4 Types of Food to Avoid to Decrease Your Risk of Depression

Good food is essential to good health. A healthy diet is dense in nutrients, providing the building blocks for every metabolic process in the body, including the chemical processes involving neurotransmitters in the brain.

There are 4 types of foods that increase your risk of depression or worsen depression:

  • Fast Foods—particularly fried foods
  • Commercial baked goods
  • Soda and other sweetened drinks
  • Alcohol

Fast Foods and Trans Fats

It comes as no surprise that multiple studies have concluded there is a definite link between fast food and depression. We have known for some time that physical health suffers from the typical junk food or fast food diet. Is it any wonder that brain function would suffer as well?

Fast foods are full of trans fats that pollute the body and are known to alter the normal electrical activity in the brain.

Commercial Baked Goods

Donuts, cakes, cookies, and breads often contain trans fats. But trans fats aren’t the only culprit with a strong correlation to depression in the typical junk food/processed food diet. High fructose corn syrup should be avoided as well.

High fructose corn syrup is a common ingredient in processed foods found on nearly every label. Studies are finding that there is a significant percentage of the population that suffers from carbohydrate malabsorption. For women, a combination of fructose malabsorption and lactose malabsorption results in a high correlation of depression due to decreased levels of tryptophan.


Sodas and other sweetened drinks (check out the label on that cranberry or ruby red grapefruit bottle, and Gatorade) contain fructose corn syrup. (see above).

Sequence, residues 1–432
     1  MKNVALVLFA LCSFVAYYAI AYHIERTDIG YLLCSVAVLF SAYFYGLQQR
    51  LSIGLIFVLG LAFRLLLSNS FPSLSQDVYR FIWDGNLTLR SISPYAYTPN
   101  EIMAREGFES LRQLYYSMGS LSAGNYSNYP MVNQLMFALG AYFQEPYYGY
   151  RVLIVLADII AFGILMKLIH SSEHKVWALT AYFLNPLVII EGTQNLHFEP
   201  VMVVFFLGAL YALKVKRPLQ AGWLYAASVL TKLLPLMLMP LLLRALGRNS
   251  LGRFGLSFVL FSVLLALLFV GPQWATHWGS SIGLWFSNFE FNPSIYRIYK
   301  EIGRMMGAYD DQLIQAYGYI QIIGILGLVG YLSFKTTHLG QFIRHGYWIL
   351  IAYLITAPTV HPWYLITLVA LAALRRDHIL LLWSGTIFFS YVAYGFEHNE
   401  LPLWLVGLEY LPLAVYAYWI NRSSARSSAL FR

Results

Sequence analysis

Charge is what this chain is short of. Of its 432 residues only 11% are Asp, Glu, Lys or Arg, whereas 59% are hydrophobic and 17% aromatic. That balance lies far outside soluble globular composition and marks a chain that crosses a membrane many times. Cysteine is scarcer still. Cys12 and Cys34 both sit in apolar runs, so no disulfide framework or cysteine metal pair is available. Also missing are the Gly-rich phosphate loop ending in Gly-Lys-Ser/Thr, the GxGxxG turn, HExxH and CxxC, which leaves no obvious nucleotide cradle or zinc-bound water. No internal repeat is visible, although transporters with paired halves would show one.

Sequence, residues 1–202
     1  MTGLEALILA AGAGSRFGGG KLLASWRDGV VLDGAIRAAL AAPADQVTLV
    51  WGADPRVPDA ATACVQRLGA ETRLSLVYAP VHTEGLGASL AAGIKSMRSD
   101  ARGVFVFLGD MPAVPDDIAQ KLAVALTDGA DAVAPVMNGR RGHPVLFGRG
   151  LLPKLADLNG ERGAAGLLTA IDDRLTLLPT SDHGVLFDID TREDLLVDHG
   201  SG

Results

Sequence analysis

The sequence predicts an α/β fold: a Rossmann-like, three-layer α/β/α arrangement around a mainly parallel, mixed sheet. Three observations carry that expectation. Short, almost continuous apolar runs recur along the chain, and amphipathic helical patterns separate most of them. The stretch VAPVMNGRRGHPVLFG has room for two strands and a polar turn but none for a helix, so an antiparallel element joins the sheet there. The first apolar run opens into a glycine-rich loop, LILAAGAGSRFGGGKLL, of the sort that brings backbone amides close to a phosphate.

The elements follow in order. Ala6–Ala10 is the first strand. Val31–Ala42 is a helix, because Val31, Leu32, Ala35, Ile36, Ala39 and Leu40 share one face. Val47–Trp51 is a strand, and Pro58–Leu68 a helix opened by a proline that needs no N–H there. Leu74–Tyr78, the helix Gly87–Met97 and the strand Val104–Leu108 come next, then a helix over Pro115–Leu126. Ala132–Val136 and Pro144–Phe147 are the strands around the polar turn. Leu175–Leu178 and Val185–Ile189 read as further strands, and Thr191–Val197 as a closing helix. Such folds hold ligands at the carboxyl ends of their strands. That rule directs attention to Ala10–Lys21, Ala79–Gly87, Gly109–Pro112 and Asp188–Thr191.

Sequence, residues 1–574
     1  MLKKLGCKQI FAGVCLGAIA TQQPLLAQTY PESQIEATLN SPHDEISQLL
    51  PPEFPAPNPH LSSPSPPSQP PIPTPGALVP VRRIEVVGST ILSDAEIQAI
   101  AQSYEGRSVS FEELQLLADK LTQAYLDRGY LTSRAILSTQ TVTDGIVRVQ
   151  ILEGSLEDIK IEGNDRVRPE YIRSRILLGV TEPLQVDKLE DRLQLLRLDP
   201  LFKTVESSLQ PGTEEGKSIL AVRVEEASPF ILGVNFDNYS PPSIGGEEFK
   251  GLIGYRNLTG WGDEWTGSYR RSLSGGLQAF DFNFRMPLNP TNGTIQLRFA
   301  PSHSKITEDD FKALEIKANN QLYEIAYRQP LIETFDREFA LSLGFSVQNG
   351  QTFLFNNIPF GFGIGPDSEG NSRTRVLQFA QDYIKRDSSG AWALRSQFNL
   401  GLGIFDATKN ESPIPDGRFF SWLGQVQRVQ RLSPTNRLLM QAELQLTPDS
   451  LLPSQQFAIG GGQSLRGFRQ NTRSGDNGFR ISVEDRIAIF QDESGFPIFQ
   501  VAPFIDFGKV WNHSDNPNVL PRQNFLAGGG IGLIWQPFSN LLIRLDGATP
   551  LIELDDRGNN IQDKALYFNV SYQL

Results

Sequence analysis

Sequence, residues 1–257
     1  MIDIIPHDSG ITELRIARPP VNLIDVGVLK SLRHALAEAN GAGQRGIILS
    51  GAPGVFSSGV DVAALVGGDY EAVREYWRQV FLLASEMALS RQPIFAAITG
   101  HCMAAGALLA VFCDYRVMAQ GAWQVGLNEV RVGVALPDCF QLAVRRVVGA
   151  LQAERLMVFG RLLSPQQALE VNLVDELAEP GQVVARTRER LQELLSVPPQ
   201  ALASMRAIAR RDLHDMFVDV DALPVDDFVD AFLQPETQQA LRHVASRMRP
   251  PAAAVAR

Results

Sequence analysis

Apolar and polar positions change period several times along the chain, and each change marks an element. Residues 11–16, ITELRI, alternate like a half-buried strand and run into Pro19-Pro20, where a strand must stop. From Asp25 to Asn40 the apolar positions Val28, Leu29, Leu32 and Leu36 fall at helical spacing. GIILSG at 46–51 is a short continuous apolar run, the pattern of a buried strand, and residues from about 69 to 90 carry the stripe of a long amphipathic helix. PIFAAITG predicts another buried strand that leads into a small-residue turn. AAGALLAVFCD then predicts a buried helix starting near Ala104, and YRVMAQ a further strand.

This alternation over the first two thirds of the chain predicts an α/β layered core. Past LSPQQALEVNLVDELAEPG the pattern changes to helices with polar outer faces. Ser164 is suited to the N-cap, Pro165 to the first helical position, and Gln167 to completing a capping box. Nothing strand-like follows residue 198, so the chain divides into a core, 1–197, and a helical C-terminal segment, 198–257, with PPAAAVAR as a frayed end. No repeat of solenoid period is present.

Alcohol is a depressant. Obviously, if you are depressed, ingesting a depressant is not a great idea. Enough said.

To decrease your risk of depression, avoid all trans fats and high fructose corn syrup and limit your alcohol intake.  Remember, what you eat directly affects how you feel, both physically and emotionally. Eat a healthy diet of 80% raw, organic vegetables and fruits.Your body and your brain will thank you.

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Allene Edwards
Allene Edwards first became interested in alternative medicine and holistic treatment modalities when she successfully used diet therapy to manage her children’s ADHD. Later when she became chronically ill with an auto-immune disease that multiple doctors could not identify, much less cure, she successfully treated both the symptoms and the cause through naturopathic treatment and nutrition. She is the Managing Editor of Organic Lifestyle Magazine and a regular contributor.

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Allene Edwards